Silver Bullet (1985)


Dan Attias directs Gary Busey, Corey Haim and Everett McGill in this lesser Stephen King adaptation that is so chockablock full of camp, alternative pleasures the werewolf central hook seems more like a forgotten aside.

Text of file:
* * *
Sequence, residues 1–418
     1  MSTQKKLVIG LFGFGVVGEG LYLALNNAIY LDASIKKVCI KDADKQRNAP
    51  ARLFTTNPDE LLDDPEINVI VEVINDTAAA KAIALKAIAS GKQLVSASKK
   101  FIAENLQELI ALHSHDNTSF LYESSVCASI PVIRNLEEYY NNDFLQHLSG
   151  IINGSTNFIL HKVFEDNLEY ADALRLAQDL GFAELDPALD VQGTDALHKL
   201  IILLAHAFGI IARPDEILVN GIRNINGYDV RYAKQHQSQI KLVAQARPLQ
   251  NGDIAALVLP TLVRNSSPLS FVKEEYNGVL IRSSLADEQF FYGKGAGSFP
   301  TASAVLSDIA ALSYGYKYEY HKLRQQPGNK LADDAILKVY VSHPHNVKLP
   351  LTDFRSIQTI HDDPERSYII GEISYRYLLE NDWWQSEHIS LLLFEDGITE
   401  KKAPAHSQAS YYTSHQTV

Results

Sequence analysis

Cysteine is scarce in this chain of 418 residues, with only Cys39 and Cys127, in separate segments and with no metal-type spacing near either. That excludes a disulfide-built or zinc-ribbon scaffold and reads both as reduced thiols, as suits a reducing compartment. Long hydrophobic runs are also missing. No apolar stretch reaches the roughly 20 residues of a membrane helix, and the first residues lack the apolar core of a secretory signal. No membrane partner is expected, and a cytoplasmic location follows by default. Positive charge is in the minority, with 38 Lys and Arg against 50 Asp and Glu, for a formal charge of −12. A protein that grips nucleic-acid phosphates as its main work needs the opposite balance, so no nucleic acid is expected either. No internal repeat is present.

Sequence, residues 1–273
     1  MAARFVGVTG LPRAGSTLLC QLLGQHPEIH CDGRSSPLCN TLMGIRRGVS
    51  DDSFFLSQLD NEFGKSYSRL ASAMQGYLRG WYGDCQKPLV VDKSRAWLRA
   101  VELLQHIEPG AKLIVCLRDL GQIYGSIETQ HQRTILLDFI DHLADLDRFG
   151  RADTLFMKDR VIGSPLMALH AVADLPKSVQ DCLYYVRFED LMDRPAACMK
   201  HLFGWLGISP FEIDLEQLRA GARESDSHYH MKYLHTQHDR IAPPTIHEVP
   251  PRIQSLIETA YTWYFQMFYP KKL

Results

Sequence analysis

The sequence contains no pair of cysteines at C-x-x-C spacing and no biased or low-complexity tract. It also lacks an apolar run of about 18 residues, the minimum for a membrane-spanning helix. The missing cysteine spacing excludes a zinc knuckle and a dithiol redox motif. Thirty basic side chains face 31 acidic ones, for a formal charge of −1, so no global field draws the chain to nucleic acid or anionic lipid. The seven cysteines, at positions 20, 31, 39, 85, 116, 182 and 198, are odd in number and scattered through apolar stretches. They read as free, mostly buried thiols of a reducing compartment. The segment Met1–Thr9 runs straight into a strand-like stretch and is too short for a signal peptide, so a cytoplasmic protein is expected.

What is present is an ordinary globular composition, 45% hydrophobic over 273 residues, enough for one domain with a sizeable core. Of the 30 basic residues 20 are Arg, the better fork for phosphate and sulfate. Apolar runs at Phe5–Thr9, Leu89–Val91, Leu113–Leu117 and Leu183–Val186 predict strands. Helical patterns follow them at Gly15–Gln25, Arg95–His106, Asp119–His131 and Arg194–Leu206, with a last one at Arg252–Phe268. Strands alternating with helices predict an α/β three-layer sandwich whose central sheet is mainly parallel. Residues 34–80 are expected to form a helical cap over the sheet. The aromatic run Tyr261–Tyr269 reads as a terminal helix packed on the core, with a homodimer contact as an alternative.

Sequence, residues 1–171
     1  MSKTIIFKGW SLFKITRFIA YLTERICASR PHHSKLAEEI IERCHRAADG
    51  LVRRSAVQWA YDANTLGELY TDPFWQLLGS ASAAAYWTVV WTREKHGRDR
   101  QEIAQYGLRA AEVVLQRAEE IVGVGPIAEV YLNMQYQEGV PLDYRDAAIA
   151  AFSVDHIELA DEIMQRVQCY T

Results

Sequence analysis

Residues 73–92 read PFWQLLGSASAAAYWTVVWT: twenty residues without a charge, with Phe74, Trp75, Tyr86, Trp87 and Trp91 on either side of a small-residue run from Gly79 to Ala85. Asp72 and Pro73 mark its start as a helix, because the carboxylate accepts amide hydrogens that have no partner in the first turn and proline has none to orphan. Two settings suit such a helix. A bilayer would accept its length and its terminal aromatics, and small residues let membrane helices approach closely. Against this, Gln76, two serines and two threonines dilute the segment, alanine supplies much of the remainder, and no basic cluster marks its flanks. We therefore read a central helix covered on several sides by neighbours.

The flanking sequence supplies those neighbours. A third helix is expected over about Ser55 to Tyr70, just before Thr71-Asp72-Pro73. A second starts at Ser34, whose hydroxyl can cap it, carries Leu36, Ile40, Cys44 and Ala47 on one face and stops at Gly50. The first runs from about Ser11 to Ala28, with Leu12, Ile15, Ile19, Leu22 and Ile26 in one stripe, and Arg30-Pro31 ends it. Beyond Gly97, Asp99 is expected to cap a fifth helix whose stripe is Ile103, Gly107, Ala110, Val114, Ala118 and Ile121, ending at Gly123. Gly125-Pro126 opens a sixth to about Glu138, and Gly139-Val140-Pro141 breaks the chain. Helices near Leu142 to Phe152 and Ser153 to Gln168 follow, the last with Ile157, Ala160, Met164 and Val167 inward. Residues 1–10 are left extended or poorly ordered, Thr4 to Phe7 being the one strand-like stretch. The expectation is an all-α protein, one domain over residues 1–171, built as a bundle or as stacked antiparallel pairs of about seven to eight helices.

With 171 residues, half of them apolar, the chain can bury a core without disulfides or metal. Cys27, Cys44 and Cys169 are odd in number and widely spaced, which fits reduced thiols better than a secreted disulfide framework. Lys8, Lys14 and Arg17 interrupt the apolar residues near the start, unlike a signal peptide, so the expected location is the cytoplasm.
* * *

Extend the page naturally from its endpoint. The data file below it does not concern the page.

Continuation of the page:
I missed this as a kid, not just from my adolescent aversion to horror either, I never knew of its existence until a decade after its release. And while it won’t be for everyone, frankly this ticked a lot of boxes for me. The main plotline (and I use those words cautiously) about a baseball bat wielding werewolf terrorising a small town feels almost like a spoof of Stephen King’s distinctive house sauce. But hanging off it is about a half a dozen other mini-movies, all effective. We have the pleasurable whodunnit aspect as we drift past a whole population of stock characters (well cast) who could be the werewolf. We have a Jaws-lite like situation where a community under threat turn against the sheriff in their thirst for vigilante justice. We have a young teenage narrator learning to accept her brother’s disability. We have Corey Haim’s wheelchair bound hero; who rides around on increasingly souped up motorised wheelchairs, firing fireworks off in nightbeast’s faces and racing cars on the open highways. This aspect is definitively less believable than all the werewolf scares and feels like something that even The Goonies or Monster Squad may have turned their noses up at as just being plain silly. But before you can write Silver Bullet off, I saved the best until last. We have Gary Busey going full throttle as the most irresponsible but loveable uncle ever. Boozing it up, hitting on underage girls, adding another hot rod engine to his nephew’s mobility chair while handing him some Mexican fireworks… it is the kind of unhinged, show stopping job that a young Nicholas Cage must have witnessed and thought “That is where I want to take my acting.” So for giving one of B-Movies finest sons their wildest hour (Busey out spectacles even the fine monster effect work), Silver Bullet transcends all its issues and coalesces into a great popcorn movie.


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